ANNAPOLIS, Md. (WJZ) — The proposed Grace’s Law 2.0 passed unanimously in the Maryland Senate Friday, a bill that would increase the current penalties for cyberbullying.
Under Grace’s Law 2.0, penalties would include up to three years in prison and a $10,000 fine.READ MORE: Police Ask For Public's Help Finding Missing Baltimore County Teen
The anti-cyberbullying bill was named after Grace McComas, a Glenelg High School student, who committed suicide in 2012.
“If people know they shouldn’t be doing this and they know they will get in trouble if they do, maybe they will think twice,” Maryland Delegate Jon Cardin said. “It’s the same as drinking and driving. If you know you’re going to get caught, you’re not going to do it.”
McComas was only 15 when she was victimized online. She received messages like, “Nobody likes you,” and, “Go kill yourself.”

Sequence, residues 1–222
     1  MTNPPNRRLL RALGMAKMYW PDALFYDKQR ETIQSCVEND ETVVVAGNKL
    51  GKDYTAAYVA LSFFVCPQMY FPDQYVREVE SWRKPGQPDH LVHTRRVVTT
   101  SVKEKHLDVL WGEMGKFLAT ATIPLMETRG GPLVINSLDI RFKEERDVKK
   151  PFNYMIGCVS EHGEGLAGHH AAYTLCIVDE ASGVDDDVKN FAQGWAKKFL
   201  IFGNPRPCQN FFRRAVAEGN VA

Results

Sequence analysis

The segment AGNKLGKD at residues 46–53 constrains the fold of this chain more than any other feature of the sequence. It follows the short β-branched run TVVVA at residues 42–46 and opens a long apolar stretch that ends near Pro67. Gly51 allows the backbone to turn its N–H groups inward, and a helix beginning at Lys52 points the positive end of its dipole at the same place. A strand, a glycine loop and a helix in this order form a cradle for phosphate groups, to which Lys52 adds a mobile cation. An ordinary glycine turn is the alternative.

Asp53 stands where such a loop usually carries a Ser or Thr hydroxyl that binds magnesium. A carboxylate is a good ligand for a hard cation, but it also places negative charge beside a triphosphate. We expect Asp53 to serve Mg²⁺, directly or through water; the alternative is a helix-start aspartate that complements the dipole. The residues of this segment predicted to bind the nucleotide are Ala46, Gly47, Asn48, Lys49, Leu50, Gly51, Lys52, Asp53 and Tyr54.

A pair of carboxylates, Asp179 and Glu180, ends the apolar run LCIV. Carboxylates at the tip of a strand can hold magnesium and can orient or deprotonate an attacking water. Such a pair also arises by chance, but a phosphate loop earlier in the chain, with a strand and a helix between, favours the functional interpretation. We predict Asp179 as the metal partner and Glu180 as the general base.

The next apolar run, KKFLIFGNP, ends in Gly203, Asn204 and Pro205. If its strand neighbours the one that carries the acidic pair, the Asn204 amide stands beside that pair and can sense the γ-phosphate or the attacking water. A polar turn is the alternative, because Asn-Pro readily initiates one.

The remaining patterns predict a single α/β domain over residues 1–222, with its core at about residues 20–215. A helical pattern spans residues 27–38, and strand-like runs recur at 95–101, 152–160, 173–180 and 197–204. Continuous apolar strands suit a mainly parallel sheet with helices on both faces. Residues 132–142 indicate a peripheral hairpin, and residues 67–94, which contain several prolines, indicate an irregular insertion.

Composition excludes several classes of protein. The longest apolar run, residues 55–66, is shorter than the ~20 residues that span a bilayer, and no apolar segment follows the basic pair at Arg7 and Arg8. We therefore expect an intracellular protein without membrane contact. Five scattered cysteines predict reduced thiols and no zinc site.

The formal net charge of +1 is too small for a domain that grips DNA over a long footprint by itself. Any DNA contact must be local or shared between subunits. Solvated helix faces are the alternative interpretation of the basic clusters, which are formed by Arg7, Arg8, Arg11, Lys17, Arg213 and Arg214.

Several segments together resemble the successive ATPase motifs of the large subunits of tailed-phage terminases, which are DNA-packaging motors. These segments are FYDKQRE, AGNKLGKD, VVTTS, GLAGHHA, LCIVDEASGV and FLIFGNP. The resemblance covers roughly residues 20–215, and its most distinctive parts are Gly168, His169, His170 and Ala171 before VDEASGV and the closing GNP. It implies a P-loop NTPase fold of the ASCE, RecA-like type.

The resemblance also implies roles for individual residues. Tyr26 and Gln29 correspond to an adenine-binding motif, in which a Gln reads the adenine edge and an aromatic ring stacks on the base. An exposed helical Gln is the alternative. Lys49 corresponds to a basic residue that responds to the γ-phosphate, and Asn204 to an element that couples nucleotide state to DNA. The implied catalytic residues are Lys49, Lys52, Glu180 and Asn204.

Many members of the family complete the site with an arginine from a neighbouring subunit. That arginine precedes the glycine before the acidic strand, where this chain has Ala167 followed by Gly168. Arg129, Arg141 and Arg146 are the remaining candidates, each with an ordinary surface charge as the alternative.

On Easter Sunday in 2012, McComas took her own life which prompted officials to act.
In 2013, Baltimore County Senator Bobby Zirkin passed Grace’s Law.
“The original testimony from Christine and Dave McComas was so hard to listen to because at the time I had little kids and really young kids,” Zirkin said. “They tried everything to get this bullying to stop.”READ MORE: Man Shot, Killed Self After Shooting Another Man At Parkville Motel, Police Say
But officials believe that the current Grace’s law is too lenient.
The current penalties for cyberbullying are up to one year in prison and a $500 fine.
The language in the current law has also made it more difficult to prosecute.
“If they didn’t send it to the individual, if they sent it to the kid’s entire universe, the abuser was protected under the current law,” Zirkin said. “So we obliterated all of that. We said, ‘you do not need to send it directly to the individual, you do not need a warning.'”
The House Judiciary Committee is now studying the bill, but the American Civil Liberties Union testified against it on Constitutional grounds.
The House Committee wants to consider that before deciding whether to send it forward for a full vote in the House.MORE NEWS: FDA Advisory Panel Backs Pfizer's COVID-19 Vaccine For Children Aged 5 To 11